I’m determined to swim my way through winter. I live in Melbourne, by the bay, and I’ve done it before. I swear it boosts the immune system, shocks the germs to abandon ship – and who wouldn’t want that? My work colleague Leon has a totally different approach, but more of that later.
Yes, swimming in winter can hurt. In July and August when the water temperature in Port Phillip Bay averages anywhere between 13 and 15°C, the ‘brain explosion’ that accompanies that first dive is a thing to experience. But how amazing do you feel when you get out! The key is to get out before you succumb to hypothermia.
I’m not suggesting this is for everyone and obviously further research is required, but in my one year of swimming, I was unaffected by the smorgasbord of colds and flus on offer.
Back to Leon. He wages war on germs by attempting to sweat them out, layering up at night with multiple sweaters and trackies and socks and a beanie and doonas. He swears it works.
Then there is the combination approach favoured by Scandinavian types where you alternate between sauna and icy water or snow.
The Conversation reports: “There is no doubt that the physiological responses to immersion in cold water are dangerous, and are precursors to sudden heart attack, the loss of capacity to swim, hypothermia and drowning.”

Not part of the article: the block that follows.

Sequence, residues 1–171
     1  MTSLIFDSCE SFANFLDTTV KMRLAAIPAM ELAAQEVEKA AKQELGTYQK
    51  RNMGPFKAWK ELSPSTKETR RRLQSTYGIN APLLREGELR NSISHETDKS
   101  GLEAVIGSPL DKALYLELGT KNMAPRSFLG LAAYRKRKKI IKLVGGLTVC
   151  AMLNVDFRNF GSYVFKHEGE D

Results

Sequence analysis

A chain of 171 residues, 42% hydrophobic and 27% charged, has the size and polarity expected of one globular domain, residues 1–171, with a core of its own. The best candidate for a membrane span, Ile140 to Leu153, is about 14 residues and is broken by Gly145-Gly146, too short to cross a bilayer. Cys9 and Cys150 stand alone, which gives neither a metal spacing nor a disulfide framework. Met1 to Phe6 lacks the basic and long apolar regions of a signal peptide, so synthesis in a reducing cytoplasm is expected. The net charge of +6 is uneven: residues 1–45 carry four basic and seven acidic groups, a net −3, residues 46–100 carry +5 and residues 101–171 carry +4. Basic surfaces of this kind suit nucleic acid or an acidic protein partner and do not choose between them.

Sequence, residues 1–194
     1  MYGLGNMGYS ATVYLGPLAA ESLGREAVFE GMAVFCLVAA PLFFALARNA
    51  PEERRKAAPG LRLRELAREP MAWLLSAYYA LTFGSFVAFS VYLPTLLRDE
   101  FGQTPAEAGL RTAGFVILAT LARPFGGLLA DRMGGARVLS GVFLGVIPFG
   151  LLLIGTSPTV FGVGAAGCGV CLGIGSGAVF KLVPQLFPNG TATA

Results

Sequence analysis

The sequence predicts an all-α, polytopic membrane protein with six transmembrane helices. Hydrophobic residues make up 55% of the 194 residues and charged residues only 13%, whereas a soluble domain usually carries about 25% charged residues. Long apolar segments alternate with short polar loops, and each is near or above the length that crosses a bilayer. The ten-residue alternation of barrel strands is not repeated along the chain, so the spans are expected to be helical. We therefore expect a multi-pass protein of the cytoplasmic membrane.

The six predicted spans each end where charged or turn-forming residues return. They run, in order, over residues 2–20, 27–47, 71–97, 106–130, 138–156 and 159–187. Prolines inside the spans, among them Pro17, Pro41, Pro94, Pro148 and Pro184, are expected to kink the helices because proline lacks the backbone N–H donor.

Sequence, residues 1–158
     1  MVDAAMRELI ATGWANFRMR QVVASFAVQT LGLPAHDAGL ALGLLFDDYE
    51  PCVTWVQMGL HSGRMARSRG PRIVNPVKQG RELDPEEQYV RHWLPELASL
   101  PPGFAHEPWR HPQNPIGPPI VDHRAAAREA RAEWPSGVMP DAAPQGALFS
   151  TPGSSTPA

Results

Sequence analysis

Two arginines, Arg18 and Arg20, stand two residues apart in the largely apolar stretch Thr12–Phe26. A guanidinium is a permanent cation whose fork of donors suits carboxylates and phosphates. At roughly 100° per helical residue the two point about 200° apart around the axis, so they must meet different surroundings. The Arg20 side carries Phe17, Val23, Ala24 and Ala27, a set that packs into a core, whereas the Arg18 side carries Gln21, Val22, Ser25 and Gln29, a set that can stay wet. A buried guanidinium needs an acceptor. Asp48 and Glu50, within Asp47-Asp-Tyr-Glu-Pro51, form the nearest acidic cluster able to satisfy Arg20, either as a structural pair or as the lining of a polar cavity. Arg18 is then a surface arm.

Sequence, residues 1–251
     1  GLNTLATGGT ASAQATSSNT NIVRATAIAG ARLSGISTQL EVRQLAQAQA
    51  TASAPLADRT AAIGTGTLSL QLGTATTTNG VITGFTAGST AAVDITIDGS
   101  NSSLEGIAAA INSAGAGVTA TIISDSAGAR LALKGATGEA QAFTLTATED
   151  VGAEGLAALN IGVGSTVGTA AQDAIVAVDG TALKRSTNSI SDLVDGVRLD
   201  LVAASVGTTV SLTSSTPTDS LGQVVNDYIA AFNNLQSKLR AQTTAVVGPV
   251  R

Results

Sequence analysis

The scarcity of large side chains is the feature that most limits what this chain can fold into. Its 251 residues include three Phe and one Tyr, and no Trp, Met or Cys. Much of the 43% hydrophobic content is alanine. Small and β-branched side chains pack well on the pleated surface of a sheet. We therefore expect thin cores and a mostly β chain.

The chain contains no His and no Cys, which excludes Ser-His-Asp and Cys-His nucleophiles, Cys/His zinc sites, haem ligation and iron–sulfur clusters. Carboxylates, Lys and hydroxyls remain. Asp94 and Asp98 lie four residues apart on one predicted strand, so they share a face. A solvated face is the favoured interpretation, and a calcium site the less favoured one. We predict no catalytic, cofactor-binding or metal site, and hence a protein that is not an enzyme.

The ‘cold shock’ response, health experts warn, can place a strain on the heart, and the sudden loss of control over breathing, leading to gasping, means that the likelihood of breathing in water, even the small volume necessary to drown, is significantly increased.
On the plus side, says The Conversation, there is no doubt that a cold dip stimulates the body when it releases stress hormones that give that feeling of being really ‘alive’.
And immunity? Some laboratory studies have reported improved markers of immune function, but they’re inconclusive.
“For example,” says The Conversation, “upper respiratory tract infection is often used as a useful measure of immune system functioning: open, cold water swimmers have been found to have fewer infections than their non-swimming partners, but no fewer infections than indoor swimmers. And herein lies one of the problems with the ‘benefits’ side of the cold water debate: the properly controlled experiments that isolate cold water immersions from socialising, exercise, getting fitter, taking exercise in nature (so-called ‘green’ therapy) and other activity that add complicating variables simply haven’t been done.”
The case for sweating? Again, inconclusive. Some research says that raising your temperature kicks your immune system into high gear and helps your body sweat out toxins and impurities.
But we really don’t know. Just get that flu shot.
Disclaimer: Consult your medical practitioner before considering whether to try either of these approaches.
Have you tried cold or heat to boost your immune system? Did it work?